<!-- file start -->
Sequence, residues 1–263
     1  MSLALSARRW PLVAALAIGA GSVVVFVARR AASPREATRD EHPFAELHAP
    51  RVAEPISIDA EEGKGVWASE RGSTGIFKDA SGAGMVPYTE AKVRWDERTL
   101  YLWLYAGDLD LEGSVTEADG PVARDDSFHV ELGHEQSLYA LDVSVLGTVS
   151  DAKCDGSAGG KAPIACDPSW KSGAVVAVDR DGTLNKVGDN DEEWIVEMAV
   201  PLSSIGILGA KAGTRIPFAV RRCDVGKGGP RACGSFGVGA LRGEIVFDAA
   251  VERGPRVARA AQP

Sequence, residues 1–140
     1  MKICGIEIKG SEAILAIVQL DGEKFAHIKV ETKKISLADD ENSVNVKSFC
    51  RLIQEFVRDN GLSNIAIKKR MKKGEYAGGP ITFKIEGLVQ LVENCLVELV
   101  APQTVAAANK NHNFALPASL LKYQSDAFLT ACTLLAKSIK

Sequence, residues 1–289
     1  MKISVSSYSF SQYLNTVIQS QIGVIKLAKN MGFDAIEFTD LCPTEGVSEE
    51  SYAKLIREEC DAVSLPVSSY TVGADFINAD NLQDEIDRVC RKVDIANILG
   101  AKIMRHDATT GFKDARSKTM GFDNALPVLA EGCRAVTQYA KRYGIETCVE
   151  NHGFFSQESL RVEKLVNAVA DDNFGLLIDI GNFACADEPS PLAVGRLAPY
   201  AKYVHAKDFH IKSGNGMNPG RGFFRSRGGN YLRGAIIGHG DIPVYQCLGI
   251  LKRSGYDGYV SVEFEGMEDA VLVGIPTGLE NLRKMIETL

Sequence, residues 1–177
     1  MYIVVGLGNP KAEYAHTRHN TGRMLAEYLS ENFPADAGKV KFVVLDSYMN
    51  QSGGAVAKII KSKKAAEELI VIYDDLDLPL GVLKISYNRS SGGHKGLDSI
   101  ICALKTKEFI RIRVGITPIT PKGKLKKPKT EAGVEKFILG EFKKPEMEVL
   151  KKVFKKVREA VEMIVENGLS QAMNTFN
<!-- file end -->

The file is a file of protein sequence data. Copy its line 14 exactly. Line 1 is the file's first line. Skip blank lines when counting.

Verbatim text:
    51  SYAKLIREEC DAVSLPVSSY TVGADFINAD NLQDEIDRVC RKVDIANILG